Uh, if it's a foreign intelligence threat, then they have to go through what's called a FISA warrant process, and that has, you know, a number of bureaucratic steps that, that slows down, the process, even if it's a criminal action, they still need to get a warrant. So all those things make it easier for adversaries to move quicker and, and slow down the, the ability of the American government to respond, to share information, get intelligence to what's taken place.

    And the adversaries clearly have taken note of that and, and are leveraging that. So one way to respond to that without sort of further violation of civil liberties, which was certainly, most Americans would, would oppose, is to drive those actors away from foreign, from domestic soil to foreign soil. And, this proposal to require cloud providers to perform know your customer checks on, people trying to register new accounts is very interesting, because it would make it much more difficult for foreign intelligence services to provision accounts from shell companies and the like, and, and use them for those attacks.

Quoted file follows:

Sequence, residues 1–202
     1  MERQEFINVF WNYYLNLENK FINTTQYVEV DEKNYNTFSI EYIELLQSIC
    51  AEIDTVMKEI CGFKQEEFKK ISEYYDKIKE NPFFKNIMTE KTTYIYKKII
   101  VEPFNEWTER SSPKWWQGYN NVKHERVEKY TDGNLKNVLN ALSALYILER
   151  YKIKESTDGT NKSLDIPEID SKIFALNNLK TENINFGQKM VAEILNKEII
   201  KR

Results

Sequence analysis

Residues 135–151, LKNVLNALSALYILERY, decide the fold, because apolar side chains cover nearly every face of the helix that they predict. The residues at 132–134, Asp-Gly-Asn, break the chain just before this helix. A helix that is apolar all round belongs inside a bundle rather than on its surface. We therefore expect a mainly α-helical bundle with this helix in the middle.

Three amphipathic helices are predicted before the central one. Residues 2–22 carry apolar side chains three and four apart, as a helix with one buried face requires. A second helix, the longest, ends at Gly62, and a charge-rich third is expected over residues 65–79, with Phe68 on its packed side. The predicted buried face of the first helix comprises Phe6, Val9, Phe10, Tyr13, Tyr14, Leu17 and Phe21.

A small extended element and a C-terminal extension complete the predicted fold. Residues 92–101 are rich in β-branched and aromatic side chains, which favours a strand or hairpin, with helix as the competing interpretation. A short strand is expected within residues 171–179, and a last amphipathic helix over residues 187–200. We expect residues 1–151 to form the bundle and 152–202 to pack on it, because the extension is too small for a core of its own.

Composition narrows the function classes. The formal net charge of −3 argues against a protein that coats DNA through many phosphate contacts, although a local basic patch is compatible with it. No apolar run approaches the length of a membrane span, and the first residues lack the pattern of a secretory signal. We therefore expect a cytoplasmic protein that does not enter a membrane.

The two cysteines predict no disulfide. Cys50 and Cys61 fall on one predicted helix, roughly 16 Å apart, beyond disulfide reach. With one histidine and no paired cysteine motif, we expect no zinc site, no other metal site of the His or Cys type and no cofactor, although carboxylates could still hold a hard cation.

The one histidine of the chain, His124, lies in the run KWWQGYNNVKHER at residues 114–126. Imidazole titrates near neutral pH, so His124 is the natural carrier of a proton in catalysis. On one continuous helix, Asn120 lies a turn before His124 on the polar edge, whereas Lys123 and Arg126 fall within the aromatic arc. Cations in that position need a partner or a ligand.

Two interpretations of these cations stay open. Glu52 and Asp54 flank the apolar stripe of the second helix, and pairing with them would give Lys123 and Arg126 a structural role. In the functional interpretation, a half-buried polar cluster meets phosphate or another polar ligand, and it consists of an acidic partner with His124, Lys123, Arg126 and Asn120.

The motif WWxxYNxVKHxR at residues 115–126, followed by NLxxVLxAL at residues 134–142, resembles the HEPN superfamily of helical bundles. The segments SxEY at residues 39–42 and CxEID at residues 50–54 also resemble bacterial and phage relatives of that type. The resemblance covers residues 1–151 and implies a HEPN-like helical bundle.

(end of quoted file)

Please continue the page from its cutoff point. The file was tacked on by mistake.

It wouldn't make it impossible, that, they could still find ways to do it, but it would raise the cost substantially, to the point where probably it would not be worth it for them to, to keep doing it. So very interesting idea. As you can imagine, the cloud companies are not thrilled. and we'll see what happens. But, it, it, it was a very innovative way to approach a problem.